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Do strawberries taste as good as they used to?

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Emily Angle Emily Angle | 15:51 UK time, Wednesday, 2 May 2012

Eating a warm strawberry straight from the patch is arguably the most pleasurable aspect of a British summer. It’s not just nostalgia that makes us wonder if they just don’t taste like they used to. Are modern varieties a patch on what was grown in the past? Gardener Mark Diacono says: “New varieties are often developments and/or crosses of older varieties, bred for greater reliability and resistance to disease. Flavour is often lost in that process.”

But as a heritage crop, strawberries are a bit of an outlier – it’s not one that always supports the ‘older is better’ hypothesis.  It’s taken a lot of time and effort to cultivate a tasty berry – like the fruit of Tantalus, the perfect strawberry always seems just out of reach.

But first, a little history lesson.  For thousands of years, Europeans had been gobbling up one type of strawberry: the wild Fragaria vesca, tiny, but highly-flavoured with hints of clove and grape. The demand for cultivation was clear: strawberries had been the prize of French and English kings. (Henry VIII himself having paid as much for 250g of the fruit as was paid for a portrait of Jane Seymour by Holbein.)

Fragaria vesca drawing

Wild strawberry drawing, Conrad Gessner 1555-65 (Photo by Roland zh, via Wikimedia Commons)

Upon the discovery of the Americas came the arrival in Europe of two new types of wild strawberry - the Fragaria virginiana from North America and the Fragaria chileonsis from South America.  Both were larger, but a mixed bag in terms of flavour.

How fortunate that in the early 1780s, a fluke cross-breed of the two American varieties was created from interplanting in the French botanical gardens. These two plants become mother and father to nearly all of our modern cultivars - the Fragaria x ananassa, or ‘pineapple’ strawberry.

Not to say that this was the end of all other strawberries. Varieties of the F. virginiana, commonly called Scarlet, were still very popular in England and America. This juicy, acidic berry is well-suited to making jam, and is indeed still grown in the UK exclusively in Tiptree, Essex for Wilkin and Son’s Little Scarlet jam – notably the favourite jam of international man of mystery, James Bond.

Downton and Keen's Seedlings strawberry drawing

Credit: Wellcome Library, London - Two strawberry plants (Fragaria cultivars): fruit and flowers. Coloured aquatint, c. 1839. after: Charles Macintosh

But the pineapple strawberry intrigued a shy horticulturist from Herefordshire called Thomas Andrew Knight. Encouraged by Sir Joseph Banks and the nascent Royal Horticultural Society, he began systematic work on a larger, sweeter cultivar of F. x ananassa, creating the Downton - a big, brightly coloured fruit that was slightly disappointing in taste. But his real legacy is his scientific approach to strawberry cultivation and his inspiration of other gardeners like Michael Keens of Isleworth. In 1821, the Keen’s Seedling quickly became the favourite strawberry - large, juicy, sweet and prolific.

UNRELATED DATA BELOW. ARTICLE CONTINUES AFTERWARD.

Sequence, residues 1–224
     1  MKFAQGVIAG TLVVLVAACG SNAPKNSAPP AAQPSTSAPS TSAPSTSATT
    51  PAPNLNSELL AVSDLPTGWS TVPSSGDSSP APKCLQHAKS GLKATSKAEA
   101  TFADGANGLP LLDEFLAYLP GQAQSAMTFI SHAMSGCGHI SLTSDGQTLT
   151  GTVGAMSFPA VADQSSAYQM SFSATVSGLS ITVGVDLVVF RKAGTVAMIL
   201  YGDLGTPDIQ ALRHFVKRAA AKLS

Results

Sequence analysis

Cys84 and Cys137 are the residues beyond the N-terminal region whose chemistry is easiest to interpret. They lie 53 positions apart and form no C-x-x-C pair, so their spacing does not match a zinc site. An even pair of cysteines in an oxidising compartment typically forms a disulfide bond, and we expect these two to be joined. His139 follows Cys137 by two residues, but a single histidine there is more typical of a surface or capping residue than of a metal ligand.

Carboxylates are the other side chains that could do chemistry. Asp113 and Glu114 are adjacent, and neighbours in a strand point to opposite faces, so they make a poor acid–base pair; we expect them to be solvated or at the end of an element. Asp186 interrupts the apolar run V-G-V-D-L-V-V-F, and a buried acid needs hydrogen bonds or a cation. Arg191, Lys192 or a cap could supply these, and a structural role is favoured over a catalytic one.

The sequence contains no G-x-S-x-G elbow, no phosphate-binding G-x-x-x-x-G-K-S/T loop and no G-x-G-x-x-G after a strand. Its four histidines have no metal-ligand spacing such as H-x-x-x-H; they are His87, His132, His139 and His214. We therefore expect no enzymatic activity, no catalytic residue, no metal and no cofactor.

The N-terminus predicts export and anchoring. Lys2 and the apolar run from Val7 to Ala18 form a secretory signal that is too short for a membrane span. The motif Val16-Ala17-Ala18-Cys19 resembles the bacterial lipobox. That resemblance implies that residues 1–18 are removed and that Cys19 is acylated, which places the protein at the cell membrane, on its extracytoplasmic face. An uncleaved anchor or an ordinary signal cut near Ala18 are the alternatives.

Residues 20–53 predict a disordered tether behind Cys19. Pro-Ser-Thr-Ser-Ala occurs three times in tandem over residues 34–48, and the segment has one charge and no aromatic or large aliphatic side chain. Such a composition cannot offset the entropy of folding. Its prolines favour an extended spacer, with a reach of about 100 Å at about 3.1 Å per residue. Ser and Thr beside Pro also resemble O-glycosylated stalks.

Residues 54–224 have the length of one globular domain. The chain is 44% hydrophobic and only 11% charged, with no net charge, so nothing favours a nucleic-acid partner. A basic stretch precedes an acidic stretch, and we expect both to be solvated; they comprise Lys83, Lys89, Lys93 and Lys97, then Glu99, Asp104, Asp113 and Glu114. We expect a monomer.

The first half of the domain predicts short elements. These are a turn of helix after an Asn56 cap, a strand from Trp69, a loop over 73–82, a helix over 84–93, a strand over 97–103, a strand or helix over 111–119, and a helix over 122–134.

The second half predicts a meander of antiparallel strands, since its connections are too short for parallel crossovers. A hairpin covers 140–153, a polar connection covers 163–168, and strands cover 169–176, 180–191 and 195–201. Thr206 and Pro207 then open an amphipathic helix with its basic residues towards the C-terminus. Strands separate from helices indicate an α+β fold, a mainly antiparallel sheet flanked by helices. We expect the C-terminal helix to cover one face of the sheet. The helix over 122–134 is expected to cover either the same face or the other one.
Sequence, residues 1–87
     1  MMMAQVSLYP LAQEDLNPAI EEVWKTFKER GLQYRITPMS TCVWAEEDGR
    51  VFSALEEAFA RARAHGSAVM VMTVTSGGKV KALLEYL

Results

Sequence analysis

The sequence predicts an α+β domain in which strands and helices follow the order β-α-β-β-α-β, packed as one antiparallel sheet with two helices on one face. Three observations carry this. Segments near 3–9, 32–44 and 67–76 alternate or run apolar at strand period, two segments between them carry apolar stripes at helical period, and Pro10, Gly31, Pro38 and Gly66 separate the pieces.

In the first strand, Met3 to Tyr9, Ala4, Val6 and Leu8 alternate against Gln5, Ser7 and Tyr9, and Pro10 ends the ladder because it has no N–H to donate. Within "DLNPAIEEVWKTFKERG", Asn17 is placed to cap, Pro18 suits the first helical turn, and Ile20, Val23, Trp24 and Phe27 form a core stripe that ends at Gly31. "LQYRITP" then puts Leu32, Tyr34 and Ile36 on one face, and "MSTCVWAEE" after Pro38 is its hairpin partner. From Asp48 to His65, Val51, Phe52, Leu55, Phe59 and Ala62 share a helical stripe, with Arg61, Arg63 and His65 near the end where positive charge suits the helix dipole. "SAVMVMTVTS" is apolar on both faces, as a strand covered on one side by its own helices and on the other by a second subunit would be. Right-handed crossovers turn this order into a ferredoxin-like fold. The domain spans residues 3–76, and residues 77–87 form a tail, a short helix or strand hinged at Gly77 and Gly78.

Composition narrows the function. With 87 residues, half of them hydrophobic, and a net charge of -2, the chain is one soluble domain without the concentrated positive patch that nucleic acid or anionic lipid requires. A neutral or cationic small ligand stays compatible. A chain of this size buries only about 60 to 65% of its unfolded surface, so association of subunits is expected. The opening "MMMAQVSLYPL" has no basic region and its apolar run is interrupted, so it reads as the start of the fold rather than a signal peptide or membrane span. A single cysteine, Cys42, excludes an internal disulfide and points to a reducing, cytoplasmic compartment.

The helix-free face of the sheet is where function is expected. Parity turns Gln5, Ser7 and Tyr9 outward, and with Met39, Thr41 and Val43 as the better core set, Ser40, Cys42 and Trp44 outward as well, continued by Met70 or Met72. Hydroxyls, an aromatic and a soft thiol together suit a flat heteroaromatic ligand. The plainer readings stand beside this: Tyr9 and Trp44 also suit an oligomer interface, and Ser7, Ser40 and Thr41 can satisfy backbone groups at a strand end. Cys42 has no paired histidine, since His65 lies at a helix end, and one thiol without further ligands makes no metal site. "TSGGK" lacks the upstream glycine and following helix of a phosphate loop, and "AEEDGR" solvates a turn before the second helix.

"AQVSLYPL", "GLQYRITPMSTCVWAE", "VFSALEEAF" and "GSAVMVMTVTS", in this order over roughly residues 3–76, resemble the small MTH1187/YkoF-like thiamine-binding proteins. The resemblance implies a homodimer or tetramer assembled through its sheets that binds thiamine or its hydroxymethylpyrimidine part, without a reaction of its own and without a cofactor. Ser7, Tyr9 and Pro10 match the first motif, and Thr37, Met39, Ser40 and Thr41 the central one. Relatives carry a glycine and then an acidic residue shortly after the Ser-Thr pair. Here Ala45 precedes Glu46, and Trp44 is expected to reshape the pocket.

Other gardeners continued his approach, with one of the most successful being Thomas Laxton, cohort of Charles Darwin, and his production of the Royal Sovereign in 1892 - combining European flavour with and American hardiness.  This is where a British cultivated strawberry becomes exceptionally delicious; it was the leading strawberry for about fifty years and is still grown today by strawberry aficionados.

After showing signs of disease, the Royal Sovereign was superseded commercially in the 1930’s by D. Boyes’ Cambridge Favourite - the Elsanta of its day - making up 70% of the British commercial market by the 1960s. But the better flavoured strawberries of the 20th century came first from developments in Scotland. Having bolstered the health of Royal Sovereign, Robert Reid also produced the scrumptious Talisman and Red Gauntlet varieties. These are both still available to grow and taste great.

So is it worth growing these older varieties, knowing that the yield might be lower and a bit more susceptible to disease? Mark Diacono again: “It is hard to generalise as there are some excellent new varieties, but older varieties typically have a more complex flavour. It’s not just about sweetness in older varieties - that makes many of them more interesting and flavoursome to eat. Royal Sovereign was hugely popular in the first half of the last century and still held in great affection by those that have grown it. But it is not a clean distinction - some of the newer varieties such as Mara des Bois (developed 20 years ago) and Marshmello are very good.”

Despite its American ancestors and awhirlwind French romance, the strawberry’s heritage seems quintessentially British. We’ve probably lots of new wonderful varieties to look forward to, but much enjoyment to be had from the past.

Are there any strawberry varieties you've grown and enjoyed? Which is the best flavour?